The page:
We have been lucky enough to have experienced some fantastic views over the London skyline from landmarks including the Shard, Sky Garden, London Eye and Tate Modern during previous visits to London but one landmark that was still on our to-do list was Tower Bridge.
This is the review of our visit to the Tower Bridge Exhibition.
If you were designing a bridge for Instagram then it would be Tower Bridge – it is arguably the most beautiful bridge in the world and a must see when in London.
We have crossed Tower Bridge at road level many times before but never at the very top of the bridge. This self-guided tour gave us the chance to experience this iconic bridge like we have never seen it before.
The high-level walkways were an original feature of the bridge included to allow pedestrians to cross the river even when the road bridge was opened.
However they were open to the elements and closed in 1910 until it reopened to the public as part of the Tower Bridge experience in 1982 and the recent addition of glass floors on both walkways provides a truly unique perspective of London.
After collecting our tickets (priced at a very reasonable £9.80 adult – £4.30 child) we were transported in a lift to the top of the North Tower to start our self-guided tour.
When we reached the top, we were transported back in time to Victorian London which Holly thought was fascinating especially as she is studying this period of history in school.
Through the various interactive displays and videos we all learnt about how the bridge was built and its history.
Excitedly we entered the first of the two walkways that span the top of Tower Bridge.
The best part of the experience is being able to walk across the 11 metre long glass floor sections in each walkway of Tower Bridge, 42 metres above the traffic and the Thames.
Once I adjusted to the fact that it was just panes of toughened glass between us and the passing cars, pedestrians and the river Thames below, it was one of the most unique experiences we have had in London.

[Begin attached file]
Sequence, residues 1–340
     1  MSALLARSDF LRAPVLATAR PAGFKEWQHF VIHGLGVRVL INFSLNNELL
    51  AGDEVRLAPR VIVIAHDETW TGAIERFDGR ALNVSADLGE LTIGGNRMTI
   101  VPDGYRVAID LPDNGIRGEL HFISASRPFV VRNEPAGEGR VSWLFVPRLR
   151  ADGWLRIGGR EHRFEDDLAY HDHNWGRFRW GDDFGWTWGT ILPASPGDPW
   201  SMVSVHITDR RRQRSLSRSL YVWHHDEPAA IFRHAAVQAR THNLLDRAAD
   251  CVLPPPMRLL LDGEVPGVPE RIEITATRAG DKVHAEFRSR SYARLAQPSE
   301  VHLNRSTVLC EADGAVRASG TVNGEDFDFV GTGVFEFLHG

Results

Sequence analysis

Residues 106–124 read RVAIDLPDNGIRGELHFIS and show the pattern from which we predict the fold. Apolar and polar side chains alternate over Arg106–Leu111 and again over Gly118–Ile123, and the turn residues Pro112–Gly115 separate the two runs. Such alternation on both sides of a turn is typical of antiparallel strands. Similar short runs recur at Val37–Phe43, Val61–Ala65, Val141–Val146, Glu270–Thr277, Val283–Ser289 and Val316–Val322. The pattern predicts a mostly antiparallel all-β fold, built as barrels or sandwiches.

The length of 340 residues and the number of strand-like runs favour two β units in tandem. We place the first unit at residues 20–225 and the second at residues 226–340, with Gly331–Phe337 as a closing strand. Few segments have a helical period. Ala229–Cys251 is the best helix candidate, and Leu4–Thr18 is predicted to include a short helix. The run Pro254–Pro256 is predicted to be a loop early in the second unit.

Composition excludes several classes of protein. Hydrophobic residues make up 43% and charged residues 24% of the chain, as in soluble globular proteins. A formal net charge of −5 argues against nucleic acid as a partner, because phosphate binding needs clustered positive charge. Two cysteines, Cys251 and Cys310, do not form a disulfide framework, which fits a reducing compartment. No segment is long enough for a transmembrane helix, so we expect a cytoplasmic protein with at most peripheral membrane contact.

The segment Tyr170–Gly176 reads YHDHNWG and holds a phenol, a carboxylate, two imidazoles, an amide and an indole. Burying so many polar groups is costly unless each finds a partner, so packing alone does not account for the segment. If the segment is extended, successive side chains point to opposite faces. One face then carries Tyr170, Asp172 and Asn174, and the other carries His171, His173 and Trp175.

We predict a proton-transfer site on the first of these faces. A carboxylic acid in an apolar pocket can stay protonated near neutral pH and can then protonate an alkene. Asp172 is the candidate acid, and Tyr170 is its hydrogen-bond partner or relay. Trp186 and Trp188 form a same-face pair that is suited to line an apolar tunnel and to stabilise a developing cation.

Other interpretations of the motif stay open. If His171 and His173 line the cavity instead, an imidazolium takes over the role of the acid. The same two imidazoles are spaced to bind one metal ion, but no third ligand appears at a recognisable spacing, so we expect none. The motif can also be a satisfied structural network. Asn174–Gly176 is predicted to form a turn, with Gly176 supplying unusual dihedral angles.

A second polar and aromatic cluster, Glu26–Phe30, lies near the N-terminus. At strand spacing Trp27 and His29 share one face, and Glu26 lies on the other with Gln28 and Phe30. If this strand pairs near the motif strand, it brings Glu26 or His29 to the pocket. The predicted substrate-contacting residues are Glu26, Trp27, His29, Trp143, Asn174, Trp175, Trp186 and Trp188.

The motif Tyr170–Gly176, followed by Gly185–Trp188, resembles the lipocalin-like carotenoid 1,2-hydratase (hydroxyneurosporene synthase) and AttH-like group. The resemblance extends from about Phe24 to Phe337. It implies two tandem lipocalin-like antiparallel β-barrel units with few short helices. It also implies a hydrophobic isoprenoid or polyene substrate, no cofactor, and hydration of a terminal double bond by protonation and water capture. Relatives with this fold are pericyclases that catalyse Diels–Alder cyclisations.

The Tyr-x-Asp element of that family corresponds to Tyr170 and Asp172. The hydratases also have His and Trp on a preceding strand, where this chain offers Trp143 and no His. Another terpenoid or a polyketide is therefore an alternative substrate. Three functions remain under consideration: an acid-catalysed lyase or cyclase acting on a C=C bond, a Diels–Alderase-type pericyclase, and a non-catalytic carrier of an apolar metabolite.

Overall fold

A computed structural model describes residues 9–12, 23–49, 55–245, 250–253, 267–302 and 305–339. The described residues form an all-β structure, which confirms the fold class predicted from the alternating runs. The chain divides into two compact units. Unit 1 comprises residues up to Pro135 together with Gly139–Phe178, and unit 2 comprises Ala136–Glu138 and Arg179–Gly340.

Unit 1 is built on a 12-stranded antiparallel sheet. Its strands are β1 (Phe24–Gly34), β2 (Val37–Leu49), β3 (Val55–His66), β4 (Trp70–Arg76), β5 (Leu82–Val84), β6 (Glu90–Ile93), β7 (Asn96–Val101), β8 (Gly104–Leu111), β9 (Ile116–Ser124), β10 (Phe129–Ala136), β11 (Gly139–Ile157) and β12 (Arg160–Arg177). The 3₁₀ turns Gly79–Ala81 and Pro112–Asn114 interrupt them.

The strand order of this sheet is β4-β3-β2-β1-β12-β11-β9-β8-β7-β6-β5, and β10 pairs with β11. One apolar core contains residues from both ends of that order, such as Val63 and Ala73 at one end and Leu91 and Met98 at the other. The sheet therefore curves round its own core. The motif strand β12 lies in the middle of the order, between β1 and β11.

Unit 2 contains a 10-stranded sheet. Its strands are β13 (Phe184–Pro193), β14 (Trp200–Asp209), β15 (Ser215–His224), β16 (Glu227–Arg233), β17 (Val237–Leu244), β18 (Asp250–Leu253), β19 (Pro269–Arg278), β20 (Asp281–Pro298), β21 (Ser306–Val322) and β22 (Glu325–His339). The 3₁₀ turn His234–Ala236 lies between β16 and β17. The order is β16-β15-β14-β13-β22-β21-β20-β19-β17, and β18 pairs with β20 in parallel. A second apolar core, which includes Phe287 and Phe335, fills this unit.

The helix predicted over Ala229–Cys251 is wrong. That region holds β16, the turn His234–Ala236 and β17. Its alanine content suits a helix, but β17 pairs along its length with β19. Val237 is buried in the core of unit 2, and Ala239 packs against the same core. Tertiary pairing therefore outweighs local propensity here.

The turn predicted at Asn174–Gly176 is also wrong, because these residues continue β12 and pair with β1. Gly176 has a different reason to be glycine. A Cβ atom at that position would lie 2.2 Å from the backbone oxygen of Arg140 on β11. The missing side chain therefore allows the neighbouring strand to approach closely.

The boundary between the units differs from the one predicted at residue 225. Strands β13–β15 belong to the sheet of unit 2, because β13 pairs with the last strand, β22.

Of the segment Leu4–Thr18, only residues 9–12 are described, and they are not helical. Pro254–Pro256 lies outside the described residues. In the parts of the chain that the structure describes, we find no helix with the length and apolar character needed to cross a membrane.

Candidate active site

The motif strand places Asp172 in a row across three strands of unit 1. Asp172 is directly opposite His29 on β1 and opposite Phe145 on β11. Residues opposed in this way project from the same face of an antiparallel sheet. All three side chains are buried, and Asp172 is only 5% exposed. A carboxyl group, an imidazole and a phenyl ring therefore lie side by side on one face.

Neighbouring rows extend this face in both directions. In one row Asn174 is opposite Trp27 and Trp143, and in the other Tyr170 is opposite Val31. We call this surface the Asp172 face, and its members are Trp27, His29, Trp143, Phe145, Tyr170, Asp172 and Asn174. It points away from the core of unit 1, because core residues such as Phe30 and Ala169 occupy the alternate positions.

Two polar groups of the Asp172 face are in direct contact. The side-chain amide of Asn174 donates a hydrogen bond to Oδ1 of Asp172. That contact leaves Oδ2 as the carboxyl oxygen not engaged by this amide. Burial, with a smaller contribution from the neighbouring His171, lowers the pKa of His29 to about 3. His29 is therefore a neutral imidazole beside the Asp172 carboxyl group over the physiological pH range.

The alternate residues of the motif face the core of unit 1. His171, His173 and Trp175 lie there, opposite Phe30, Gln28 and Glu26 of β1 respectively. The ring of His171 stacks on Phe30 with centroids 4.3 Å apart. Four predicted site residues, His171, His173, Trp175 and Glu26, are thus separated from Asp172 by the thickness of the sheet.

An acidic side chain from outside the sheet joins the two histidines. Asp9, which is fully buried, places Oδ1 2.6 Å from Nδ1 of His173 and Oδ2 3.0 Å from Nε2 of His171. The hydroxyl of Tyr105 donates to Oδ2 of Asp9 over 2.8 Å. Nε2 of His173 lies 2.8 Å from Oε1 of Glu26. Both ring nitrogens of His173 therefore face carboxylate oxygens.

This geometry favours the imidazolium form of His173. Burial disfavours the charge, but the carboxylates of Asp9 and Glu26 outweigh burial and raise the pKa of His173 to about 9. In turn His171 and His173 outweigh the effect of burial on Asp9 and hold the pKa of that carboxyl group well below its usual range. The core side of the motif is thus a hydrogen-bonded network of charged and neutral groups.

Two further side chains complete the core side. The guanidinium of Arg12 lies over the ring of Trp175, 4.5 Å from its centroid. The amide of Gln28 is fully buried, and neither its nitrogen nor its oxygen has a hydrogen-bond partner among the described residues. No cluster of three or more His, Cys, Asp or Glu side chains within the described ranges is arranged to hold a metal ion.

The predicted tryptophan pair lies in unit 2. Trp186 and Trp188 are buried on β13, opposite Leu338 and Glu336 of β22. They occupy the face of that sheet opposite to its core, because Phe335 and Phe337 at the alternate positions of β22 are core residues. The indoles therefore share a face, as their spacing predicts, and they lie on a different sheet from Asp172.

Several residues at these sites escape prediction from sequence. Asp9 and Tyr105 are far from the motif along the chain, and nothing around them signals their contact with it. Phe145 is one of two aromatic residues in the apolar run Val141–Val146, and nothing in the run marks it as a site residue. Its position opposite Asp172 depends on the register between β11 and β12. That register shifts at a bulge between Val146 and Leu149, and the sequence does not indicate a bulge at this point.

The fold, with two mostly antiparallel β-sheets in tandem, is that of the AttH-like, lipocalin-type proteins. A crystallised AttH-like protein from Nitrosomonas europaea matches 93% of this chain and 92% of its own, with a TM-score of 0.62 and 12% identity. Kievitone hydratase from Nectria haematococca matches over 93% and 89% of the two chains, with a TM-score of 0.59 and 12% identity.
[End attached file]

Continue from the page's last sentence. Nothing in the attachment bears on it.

Holly and Chloe had no such worries, as these daredevils lay down on the 11 metre long glass floor taking in the various vantage points encouraging my husband and I to join them.
This is actively encouraged by the staff who give out ‘Glass Floor – I did it’ stickers to prove you are brave enough to have walked, crawled or laid down on the floor.
Tip – For the best experience arrive as soon as the attraction opens, as it can get very busy especially on the glass walkway section later in the day.
I thought that the small sliding windows that are built into the larger windows along the walkway were a nice touch and allowed me to take photos of the skyline toward Canary Wharf and St Katherine’s Docks without the glare from the windows.
It was also surprising just how windy it was when these small windows were opened, but again I suppose being up at 43 metres meant we were pretty high up.
Next up was the South Tower which had exhibits and film on the architecture of the Bridge, but the girls quickly made a bee-line for second high-level walkway.
This provides some of the best and most unique views of the city skyline. We could see the modern skyscrapers including the Gherkin and the Shard as well as the historic buildings of the Tower of London and St Paul’s iconic domed roof.
What made the glass walkway in this section even more fun was that above it was a mirrored ceiling, allowing visitors to take the perfect selfie shot, much to the delight of Chloe and Holly.
There was also an interesting photo exhibition of 40 of the world’s most famous bridges including the Forth Rail Bridge from my home country of Scotland. This was really good fun with the kids as we tried to guess which bridges we could recognise.
The coin press machine was too hard to resist for Holly, and she left with a keepsake coin of her visit to Tower Bridge.
Victorian Engine Rooms
After taking in the rest of the views and a few more selfies, we took the lift back down to the ground floor and followed the blue trail across the bridge down to the engine rooms.
The Victorian era engine rooms, like the bridge itself, were impressive and it was explained how the bridge once required nearly 80 people to work the steam powered machines to raise the bridge several times a day.
Today, opening the bridge is powered by electricity but the spectacular Victorian engines, interactive exhibits and film really helped us learn about the importance of the bridge in engaging and interactive ways. I was amazed to find out that a London bus cleared the opening bridge in 1952.
You leave the experience via the gift shop and we enjoyed a lovely morning stroll along the South Bank to London Bridge tube station, taking in the sights of the city including the beautiful Tower Bridge.
We would highly recommend a visit to the Tower Bridge experience for families – it’s an attraction that the children will never forget visiting
Being able to walk across a glass walkway 42 metres high, with the Thames and traffic below your feet was such a fun and unique experience, plus the views of the city are amazing so don’t forget your camera.
For the latest opening times and prices visit the Tower Bridge website